America’s Future in Global Economy: This Week’s Words and Deeds

Obama in MinneapolisOn Monday, the same day the White House was finalizing its $900 billion tax deal with Republicans, the President gave an important address at a vocational technical school in North Carolina.

It was his clearest statement yet about the challenges America faces in the global economy. The United States has gone from 1st to 9th place among nations in the percentage of its population that graduates from college, he noted. We now rank 24th in the portion of our children who have a high school degree. Our infrastructure is crumbling.

“The most competitive race is between America and our competitors around the world,” he said. “In the race for the future, America is in danger of falling behind.”

But the President’s tax deal makes it harder for the United States to get back on top. By extending the Bush tax cuts to the wealthy, shrinking the estate tax, and freezing discretionary spending (on everything except defense), he’s leaving almost nothing for education and infrastructure.

And by embracing deficit reduction while agreeing to $900 billion in tax breaks — the lion’s share for the rich — he’s making education and infrastructure spending sitting ducks for a Republican congress intent on shrinking the size of government.

Robert ReichThe states — many of them broke — are still firing teachers, doing away with pre-school programs, and raising tuitions and fees at public universities. And now that the stimulus is about over, there won’t be any more money to rehabilitate the roads, bridges, sewers, and energy systems that are still falling apart all over America.

“We can win the competition,” the President said, Monday. His words were inspiring. But his deed that day, approving a tax deal that continues George W. Bush’s fiscal policies, makes that goal harder to achieve.

Robert Reich

This article first appeared on Robert Reich’s Blog. Republished with permission

Comments

  1. in_awe says

    Interesting perspective – here is another:

    - appropriated money for things like highways and infrastructure or education get diverted to other programs or purposes or remains unspent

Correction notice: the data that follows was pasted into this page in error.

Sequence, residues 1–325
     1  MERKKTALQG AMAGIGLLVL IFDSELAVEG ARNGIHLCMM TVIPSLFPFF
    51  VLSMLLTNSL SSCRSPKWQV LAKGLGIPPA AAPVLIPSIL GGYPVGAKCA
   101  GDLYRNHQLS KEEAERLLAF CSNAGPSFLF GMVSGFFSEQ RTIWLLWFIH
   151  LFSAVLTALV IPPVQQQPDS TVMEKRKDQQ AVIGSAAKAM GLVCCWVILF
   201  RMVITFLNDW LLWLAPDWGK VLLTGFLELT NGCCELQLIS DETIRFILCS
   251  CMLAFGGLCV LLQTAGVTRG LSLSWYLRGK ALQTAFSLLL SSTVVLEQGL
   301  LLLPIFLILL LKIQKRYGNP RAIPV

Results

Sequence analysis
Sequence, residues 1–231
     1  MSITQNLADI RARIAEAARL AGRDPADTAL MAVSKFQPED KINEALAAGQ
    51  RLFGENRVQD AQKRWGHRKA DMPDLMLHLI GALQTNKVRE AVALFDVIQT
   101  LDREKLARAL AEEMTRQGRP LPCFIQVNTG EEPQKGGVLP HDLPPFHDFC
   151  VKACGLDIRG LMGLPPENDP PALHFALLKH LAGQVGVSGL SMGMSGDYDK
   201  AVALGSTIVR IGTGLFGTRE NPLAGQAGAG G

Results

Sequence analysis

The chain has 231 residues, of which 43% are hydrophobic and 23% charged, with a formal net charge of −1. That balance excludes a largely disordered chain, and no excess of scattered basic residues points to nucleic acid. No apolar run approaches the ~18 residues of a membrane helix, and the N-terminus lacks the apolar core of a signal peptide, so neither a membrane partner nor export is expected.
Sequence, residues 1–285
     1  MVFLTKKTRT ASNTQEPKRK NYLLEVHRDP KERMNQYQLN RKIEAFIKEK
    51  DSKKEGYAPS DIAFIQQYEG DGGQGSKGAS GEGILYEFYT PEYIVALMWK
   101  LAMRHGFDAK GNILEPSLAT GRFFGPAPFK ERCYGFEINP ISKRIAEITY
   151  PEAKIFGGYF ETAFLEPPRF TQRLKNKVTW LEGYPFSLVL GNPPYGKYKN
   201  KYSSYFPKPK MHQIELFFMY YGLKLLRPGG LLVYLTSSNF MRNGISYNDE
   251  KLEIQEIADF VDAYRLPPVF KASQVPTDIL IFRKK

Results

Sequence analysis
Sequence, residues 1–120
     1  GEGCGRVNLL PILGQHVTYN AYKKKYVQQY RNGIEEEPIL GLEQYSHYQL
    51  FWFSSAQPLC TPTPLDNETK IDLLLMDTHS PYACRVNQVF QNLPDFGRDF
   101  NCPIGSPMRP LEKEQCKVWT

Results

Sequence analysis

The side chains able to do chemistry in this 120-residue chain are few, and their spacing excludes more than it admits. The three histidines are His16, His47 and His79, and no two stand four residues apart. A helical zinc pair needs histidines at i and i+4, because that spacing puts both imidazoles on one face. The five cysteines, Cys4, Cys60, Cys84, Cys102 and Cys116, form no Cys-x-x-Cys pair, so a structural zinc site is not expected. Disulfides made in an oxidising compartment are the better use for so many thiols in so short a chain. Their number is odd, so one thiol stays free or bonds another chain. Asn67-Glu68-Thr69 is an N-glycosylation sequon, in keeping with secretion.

EDUCATION
    - As of April 2010 $36B of $100B allocated in the Stimulus I bill for retaining and hiring teachers remained unspent.
    - For years the absolute number of administrative staff and the ratio of administrative staff to teachers has risen even as enrollments declined in many school districts.
    - Since 1985, inflation-adjusted federal spending on K-12 education has increased 138 percent. Since the 1970s, math achievement has increased slightly, reading achievement has stagnated, and graduation rates have remained at about 73 percent nationally.
    - LAUSD just built a high school that cost $800MM+ to serve a few hundred kids while elsewhere in the district kids are being taught by incompetent teachers. And how many teachers who receive the lowest possible ratings are bounced from school to school or to the “rubber room” holding area where they report daily for years at a time to do exactly NOTHING while receiving full pay and benefits because they “can’t be fired”?
    - In 2010, the DOE employed 4,199 full-time employees. President Obama’s FY 2011 budget request projected full-time employment to grow to 4,603 raising the cost of salaries and expenses at the DOE to $1.83 billion—$344 million more than 2010 levels—a 23 percent increase. The average salary for DOE employees (excluding top managers) is $103K. Now I am certain ever single one of those new people are absolutely necessary and will dramatically reverse the direction of our nation’s schools.
    - Throwing more money at programs that are demonstrably failing while canceling programs that work – all to keep teachers unions happy is insanity.

    HIGHWAY AND INFRASTRUCTURE
    - 38% of Highway Transportation Fund spending paid for by federal fuel taxes is for non-highway purposes. If you shut those expenditures down you gain an immediate 50% increase in spending on highways with no new taxes. Just how important is spending of highway dollars for including bicycles, discouraging racial profiling, historic covered bridges, community preservation, innovative finance, and Safe Routes to Schools? What about the $2MM uncrossing in FL for turtles?

    What about infrastructure dollars paying for mandated Metropolitan Planning Organizations—whose focus is shifting from transportation to land use planning, lifestyle issues, and economic development?

    The list could go on. Sure, some of those diversions go toward “good” purposes – but only at the cost of maintaining our schools or highways and bridges, etc. But Congress has been unwilling to take up or down votes on those programs so they just surreptitiously siphon funds off sources like the Highway Trust Fund and then complain about how we aren’t spending enough on highways!

    More transparency on budgets and allocations and diversions would be very enlightening for the public – but that would make the job of Congress and the administration (whoever is in the WH) harder, so don’t hold your breath.

    Most conservatives don’t gripe about paying taxes – they gripe about programs that don’t work or employees that don’t work or featherbedding or pay scales that are in excess of the private sector pay for the same work. And the ruling class in DC can’t ever see anything that can be improved or fixed except where it requires more tax revenue. Freeze all federal spending for 5 years, clean up the waste to save the “good programs” then Reich can start griping again.

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